Australians’ desire to see their country has helped push RV production to levels not seen since the industry’s boom years of the early 1970s.

The Courier Mail reported that Queensland now has the second-highest number of caravan manufacturers in the country, building everything from humble camper trailers to “Rolls Royce” models that sell for more than $100,000 and feature wide-screen televisions, satellite dishes and spacious showers.

Nationwide production of recreational vehicles is now in excess of 20,000 annually, attracting revenue of $1.2 billion. More than seven million Australians have gone camping or caravanning over the past two years.

It has been a long road to recovery for a half-century old industry that dates back to when Neil Chesney set up a small caravan factory in Brisbane in the 1950s. Australian manufacturers such as Chesney, Murrumba Star, Olympic, Arrow and Litecraft rode an industry boom as caravanning became the popular choice for holidaying families in the 1960’s and 1970’s.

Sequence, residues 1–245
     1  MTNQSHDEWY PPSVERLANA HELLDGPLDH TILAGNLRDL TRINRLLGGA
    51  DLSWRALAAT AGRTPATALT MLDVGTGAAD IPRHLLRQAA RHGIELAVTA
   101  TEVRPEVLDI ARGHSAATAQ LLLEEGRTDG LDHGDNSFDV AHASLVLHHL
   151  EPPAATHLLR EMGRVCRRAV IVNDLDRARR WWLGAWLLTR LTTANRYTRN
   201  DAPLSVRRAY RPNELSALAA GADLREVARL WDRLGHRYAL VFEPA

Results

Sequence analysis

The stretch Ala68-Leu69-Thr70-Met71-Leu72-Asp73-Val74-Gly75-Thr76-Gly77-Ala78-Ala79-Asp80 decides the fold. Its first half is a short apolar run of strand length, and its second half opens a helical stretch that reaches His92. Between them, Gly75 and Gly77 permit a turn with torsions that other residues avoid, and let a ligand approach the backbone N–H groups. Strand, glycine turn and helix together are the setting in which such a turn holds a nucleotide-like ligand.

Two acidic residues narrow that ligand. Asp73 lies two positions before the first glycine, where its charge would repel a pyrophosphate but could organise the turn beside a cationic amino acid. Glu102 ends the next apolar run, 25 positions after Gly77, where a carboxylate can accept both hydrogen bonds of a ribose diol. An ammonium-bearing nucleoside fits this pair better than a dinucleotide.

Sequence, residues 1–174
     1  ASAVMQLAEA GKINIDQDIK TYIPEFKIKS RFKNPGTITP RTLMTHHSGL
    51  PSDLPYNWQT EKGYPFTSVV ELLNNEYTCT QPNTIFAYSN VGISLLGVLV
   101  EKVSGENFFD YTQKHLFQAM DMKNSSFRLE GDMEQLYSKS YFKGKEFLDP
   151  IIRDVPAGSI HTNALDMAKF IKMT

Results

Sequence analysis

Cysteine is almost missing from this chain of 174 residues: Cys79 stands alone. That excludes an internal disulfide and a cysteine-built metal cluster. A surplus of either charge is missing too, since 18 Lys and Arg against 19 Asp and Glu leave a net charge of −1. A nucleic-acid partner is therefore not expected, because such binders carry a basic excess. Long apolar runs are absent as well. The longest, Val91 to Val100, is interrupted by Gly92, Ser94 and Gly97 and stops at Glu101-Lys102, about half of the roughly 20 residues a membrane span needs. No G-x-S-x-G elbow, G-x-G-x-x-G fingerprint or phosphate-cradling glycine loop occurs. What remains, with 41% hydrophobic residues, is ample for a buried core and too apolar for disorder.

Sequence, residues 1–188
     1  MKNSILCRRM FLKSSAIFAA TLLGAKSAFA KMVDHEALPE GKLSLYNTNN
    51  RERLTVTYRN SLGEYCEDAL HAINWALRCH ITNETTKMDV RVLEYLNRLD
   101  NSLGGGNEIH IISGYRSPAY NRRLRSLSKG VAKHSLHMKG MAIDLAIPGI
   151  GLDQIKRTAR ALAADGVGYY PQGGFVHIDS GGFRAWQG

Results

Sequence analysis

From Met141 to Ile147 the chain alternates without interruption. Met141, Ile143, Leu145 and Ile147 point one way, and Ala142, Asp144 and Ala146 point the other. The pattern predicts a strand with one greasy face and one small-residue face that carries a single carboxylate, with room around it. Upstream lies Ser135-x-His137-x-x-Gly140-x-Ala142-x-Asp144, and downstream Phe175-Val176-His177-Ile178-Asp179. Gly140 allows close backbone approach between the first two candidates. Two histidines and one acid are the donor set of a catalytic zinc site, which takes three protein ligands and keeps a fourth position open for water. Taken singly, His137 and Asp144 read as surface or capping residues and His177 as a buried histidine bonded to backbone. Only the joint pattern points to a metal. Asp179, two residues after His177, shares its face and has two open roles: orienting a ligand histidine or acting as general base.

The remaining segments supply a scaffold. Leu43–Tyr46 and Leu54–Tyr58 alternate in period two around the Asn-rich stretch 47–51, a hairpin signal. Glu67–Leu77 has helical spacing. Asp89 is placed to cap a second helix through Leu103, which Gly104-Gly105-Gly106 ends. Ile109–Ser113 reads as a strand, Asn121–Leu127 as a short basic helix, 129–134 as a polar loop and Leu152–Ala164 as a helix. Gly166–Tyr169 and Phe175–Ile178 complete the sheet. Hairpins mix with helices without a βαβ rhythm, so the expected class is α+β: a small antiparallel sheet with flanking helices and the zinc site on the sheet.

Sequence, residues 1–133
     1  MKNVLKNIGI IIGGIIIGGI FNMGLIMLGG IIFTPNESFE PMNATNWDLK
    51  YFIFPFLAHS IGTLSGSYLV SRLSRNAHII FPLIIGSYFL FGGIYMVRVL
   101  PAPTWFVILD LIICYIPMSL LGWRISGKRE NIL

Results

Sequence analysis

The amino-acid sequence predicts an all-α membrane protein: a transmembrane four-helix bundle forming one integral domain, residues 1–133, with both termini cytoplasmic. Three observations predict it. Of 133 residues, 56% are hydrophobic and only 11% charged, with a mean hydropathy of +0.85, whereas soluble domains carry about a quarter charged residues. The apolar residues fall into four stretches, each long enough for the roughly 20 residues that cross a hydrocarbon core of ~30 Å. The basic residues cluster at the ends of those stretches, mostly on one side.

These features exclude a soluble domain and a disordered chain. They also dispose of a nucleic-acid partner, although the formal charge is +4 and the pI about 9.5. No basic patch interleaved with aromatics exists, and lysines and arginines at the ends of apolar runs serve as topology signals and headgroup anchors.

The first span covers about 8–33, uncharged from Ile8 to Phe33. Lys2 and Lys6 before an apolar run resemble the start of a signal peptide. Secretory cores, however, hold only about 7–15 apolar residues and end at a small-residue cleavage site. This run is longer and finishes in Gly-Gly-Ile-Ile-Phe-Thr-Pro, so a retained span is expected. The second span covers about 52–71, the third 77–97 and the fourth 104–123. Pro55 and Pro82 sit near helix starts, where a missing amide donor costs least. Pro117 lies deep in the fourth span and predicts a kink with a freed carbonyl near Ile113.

By the late 1970’s however the good times were coming to an end, with surging fuel prices, a penchant for high-rise resort holidays and an economic downturn sending the industry into long-term decline.

In 1990, the caravan industry held a crisis meeting to discuss how to survive what looked like a bleak future. Second-hand caravans were flooding the market as caravanning became something considered impractical and old-fashioned.

Industry veterans began to formulate a rescue plan – the targeting of the emerging Baby Boomer market that wanted to reconnect with the great outdoors.

While Queensland only represents about 10% of national production, with market leaders such as Jayco based in Victoria, locally-made RVs have a reputation for toughness and reliability. The Queensland industry turns over an estimated $120 million each year.

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